Singapore’s urban development in the next 10 to 20 years

A town as big as Bishan will be built in Tengah.

Surrounded by greenery, it will be planned as a “Forest Town”, National Development Minister Lawrence Wong said in Parliament yesterday. Mr Wong also outlined plans for Singapore’s urban development in the next 10 to 20 years. These include a second central business district at Jurong Lake, a new creative cluster in Punggol and a new waterfront Northern Growth corridor in Woodlands and Sembawang. This will benefit near by executive condo residents such as those from The Visionaire EC, Treasure Crest, Northwave EC, Wandervale EC,  Parc Life EC while existing ones include The Terrace EC, Brownstone EC, Waterwoods EC, Signature at Yishun, Skypark Residences, The Vales EC, The Criterion EC, Bellewaters EC, Bellewoods EC.

As he unveiled a map and an artist’s impression of Singapore’s 24th Housing Board town before MPs, Mr Wong said it will be integrated with nature as well as the nearby Jurong Innovation District.

“This is only one picture, I have seen many more – plans, pictures and visualisations of what our planners are doing,” he said.

HDB will make public more details in due course, Mr Wong added.

Plans to develop Tengah, a 700ha site which is bounded by the Kranji and Pan-Island expressways, Brickland Road and Bukit Batok Road, were mooted as early as 1991 in a concept plan for Singapore in the future.

Twenty-five years on, the plan now is to integrate a new “industrial park of the future” that Finance Minister Heng Swee Keat unveiled in his Budget statement last month.

The Jurong Innovation District – whose first phase will be ready around 2022 – will bring together researchers, students, innovators and businesses to develop products and services for the future.

“Tengah will be a very exciting place to live, work and play,” Mr Wong said in the debate on his ministry’s budget yesterday.

When ready, the town bordering Choa Chu Kang, Bukit Batok and Jurong West towns is expected to have about 55,000 homes.

New and innovative infrastructure, from driverless cars to smart power grids, will also be studied by the Committee on the Future Economy, in which Mr Wong chairs a sub-committee on the Future City.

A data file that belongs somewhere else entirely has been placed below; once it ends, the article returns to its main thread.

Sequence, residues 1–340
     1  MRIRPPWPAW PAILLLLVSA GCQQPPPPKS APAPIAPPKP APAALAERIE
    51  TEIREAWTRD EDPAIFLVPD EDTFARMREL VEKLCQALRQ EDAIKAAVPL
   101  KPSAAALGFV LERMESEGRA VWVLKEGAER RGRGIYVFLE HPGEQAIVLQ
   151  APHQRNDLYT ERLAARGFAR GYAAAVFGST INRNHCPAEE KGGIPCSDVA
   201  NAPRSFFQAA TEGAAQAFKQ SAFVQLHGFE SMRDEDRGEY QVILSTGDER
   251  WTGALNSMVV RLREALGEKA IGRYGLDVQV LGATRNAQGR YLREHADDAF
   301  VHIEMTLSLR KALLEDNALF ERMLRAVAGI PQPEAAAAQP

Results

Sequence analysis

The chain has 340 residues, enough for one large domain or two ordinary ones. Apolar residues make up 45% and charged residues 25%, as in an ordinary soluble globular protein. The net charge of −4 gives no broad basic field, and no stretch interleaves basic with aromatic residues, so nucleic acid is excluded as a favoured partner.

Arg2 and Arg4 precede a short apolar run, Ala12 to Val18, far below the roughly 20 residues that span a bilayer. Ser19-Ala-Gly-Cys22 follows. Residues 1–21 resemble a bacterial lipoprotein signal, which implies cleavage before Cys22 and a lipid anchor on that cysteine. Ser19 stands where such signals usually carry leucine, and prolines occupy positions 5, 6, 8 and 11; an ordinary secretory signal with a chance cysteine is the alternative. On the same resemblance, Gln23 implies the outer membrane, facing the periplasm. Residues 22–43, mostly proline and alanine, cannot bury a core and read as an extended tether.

Existing HDB towns will continue to be rejuvenated, Senior Minister of State for National Development Desmond Lee said, as he outlined some of the makeovers in store for Toa Payoh, Pasir Ris and Woodlands in the next 10 years.

Woodlands will get a town plaza for community activities and its waterfront will see more greenery and shaded spots.

Dedicated cycling paths and new shelters will be built in Toa Payoh, while a new mixed-use development integrated with a new bus interchange will be built in Pasir Ris.

Mr Wong said that in transforming the city, greater focus needs to be placed on making sure public spaces are well-connected and conducive for walking and cycling.

Developers will be required to incorporate the needs of pedestrians and cyclists upfront in their plans.

Seamless cycling routes between six housing estates and the Central Business District would also be built, while parking charges may be raised to manage the use of cars.

In a bid to further boost home ownership, Mr Wong spelt out details of a scheme to help families in public rental flats buy homes again. Under the Fresh Start Housing Scheme, to start this year, eligible families with school-going children can get grants of up to $35,000 to buy new two-room flats with shorter leases.

Government assistance will also be given to ensure the families get the social support they need, he said.

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